'''''Fourthly''''', -- Would it please the ''Canadiens'', that, to render the judges of the province more courageous in administering justice with impartiality, it be ordered by an act of Parliament, that none of them be removable of his office of judge by the governor of the province, under whatever pretext it may be; and also that the governor should not have the power to suspend any one of them for more than a year, nor for this amount time, or any amount time, whatever short it may be, without the assent of at least twelve members of the legislative council of the province, signed by their hands on the registers of the council, and also on another copy which would be given to the suspended judge: Always provided that the King Himself keep the power to dismiss any judge He would like, when it would seem good to Him, or by an act made in His private council, or by an order signed by His hand, and contresigned by the Secretary of State.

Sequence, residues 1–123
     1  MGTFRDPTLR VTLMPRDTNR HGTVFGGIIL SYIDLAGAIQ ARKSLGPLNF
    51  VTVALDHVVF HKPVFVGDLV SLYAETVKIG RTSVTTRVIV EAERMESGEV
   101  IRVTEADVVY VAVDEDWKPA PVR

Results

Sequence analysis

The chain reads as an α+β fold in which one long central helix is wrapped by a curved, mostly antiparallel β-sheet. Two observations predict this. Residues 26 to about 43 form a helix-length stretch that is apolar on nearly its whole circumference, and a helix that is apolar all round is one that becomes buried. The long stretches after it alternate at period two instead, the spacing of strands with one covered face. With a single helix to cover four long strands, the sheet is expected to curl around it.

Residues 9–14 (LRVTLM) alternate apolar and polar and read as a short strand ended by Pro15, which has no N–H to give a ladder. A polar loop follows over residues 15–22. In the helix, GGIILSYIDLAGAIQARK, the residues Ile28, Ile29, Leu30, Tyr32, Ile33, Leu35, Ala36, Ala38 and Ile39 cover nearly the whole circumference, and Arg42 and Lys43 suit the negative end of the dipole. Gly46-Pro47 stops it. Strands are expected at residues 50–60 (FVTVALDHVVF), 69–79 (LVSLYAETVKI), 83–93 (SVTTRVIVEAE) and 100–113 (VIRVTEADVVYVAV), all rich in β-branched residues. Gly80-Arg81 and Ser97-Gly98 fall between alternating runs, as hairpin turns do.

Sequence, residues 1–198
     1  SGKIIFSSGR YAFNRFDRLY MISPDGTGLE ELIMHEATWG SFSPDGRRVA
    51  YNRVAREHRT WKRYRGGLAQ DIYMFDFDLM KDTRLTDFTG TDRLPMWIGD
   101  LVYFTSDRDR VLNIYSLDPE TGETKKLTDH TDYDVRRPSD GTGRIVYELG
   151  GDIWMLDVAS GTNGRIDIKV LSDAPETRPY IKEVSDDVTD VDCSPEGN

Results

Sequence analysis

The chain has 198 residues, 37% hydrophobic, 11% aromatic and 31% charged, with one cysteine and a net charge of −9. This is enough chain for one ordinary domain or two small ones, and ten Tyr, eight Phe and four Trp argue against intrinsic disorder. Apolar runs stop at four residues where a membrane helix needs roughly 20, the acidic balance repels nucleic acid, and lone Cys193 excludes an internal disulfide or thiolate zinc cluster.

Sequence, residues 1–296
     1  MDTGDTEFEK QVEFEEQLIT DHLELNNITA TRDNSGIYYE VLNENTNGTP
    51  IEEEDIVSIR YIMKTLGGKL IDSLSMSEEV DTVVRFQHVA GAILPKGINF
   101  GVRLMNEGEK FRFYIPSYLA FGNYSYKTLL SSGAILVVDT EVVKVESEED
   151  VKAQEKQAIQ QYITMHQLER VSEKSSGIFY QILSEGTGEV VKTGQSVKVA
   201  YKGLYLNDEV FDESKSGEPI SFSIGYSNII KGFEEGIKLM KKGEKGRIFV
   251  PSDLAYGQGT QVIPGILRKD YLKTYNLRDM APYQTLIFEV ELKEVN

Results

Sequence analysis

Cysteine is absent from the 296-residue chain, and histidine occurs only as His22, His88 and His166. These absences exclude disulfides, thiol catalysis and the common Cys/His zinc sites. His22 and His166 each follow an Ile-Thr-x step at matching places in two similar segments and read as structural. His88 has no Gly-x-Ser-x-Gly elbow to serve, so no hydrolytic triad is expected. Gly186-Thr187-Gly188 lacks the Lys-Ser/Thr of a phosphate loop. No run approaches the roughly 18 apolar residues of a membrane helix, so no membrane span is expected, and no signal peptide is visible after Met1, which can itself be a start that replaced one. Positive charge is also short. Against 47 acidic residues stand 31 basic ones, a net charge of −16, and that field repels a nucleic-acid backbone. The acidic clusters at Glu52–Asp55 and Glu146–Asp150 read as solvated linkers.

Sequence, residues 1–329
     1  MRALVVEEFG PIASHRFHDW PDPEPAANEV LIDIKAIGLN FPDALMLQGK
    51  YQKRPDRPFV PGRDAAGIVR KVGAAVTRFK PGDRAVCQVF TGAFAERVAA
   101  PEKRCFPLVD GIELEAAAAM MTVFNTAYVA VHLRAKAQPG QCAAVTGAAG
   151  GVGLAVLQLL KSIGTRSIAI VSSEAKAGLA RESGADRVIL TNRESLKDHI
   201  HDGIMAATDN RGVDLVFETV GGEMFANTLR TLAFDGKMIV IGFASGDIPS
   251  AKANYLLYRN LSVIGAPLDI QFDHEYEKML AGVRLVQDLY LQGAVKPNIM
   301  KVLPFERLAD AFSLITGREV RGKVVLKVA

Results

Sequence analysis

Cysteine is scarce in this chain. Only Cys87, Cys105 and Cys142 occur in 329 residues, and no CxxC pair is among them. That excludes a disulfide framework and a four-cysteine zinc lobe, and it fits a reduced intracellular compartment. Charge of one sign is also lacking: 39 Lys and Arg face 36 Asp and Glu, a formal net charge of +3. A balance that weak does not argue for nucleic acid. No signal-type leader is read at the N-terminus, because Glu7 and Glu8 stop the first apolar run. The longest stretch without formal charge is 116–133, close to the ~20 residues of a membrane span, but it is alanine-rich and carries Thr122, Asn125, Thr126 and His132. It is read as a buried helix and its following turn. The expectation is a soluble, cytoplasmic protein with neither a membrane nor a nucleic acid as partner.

'''''Fifthly''''', -- Would it please the ''Canadiens'', that it be declared by an act of Parliament,that the governor of the province could never imprison any person in the province, whatever the cause; not even for the most atrocious and most attested crimes: but what the duty to imprison the people who would have offended the law, and would deserve to be put in prison, belonged only to the criminal judges, and to justices of the peace, or in general to the magistrates of criminal justice? -- This law is in force in England; because the King of England does not have the right to imprison any person in England by His own order, for whatever crime it may be; not even for the crime of [[Wikipedia:Lèse majesté|lese-majesty]], or rebellion, which would be attested by the oath of ten eyewitnesses, or for an assassination which would be attested in the same way: but, if one gave Him information of such crimes, He would be obliged to transfer the matter to His Chief Justice of the [[Wikipedia:King's Bench|King's Bench]], (which is the higher court of criminal justice in England) or to some Justice of the Peace, or some other magistrate of criminal justice; who, after obtaining the necessary information, would send the accused person in prison, so that his lawsuit be made, in a suitable and legitimate time and place, and, if it were found guilty by a body of jurors, that he be punished, either by death, or some other punishment which the law would have attached to the crime. By this fortunate impotence, where the law of England puts the King, to imprison whoever, for whatever reason, by His own order, two great disadvantages are avoided; that is, firstly, [[Wikipedia:despotism]], or the absolute power to take awy the liberty of the subjects of the crown without cause, and on the simple liking of the king; and, secondly, the personal disgrace of the King, that would result from the cassation of his orders, as illegal and insufficient, by lower magistrates: because, if the King could give orders to imprison his subjects, it would need to be either of two things one; either the order would be valid in all cases, and would not be breakable by the authority of any other person; or it would not be valid in all cases, but only if the King had given the orders on a legitimate ground, and on sufficient information; and in this last assumption, it would be necessary that some lower magistrate had the right to examine whether the ground were legitimate or not, and if the information was sufficient or not, and to break the order of the King if the ground was not legitimate, or the information not sufficient. In the first assumption, the King would be the absolute Master of the liberty of all his subjects; and in the second, the personal character of the King for justice and wisdom could suffer from disgrace, by the cassation of the orders which He would have given and signed: which would also be a great evil for the kingdom, as well as for the king, though less than the horrible despotism which would result from the first assumption. To avoid these disadvantages, the King never puts any person in prison by His own order; and it seems that it would be reasonable to declare by an act of Parliament, that the governor of the province of Quebec will equally not be able to imprison any person in this province by his own order.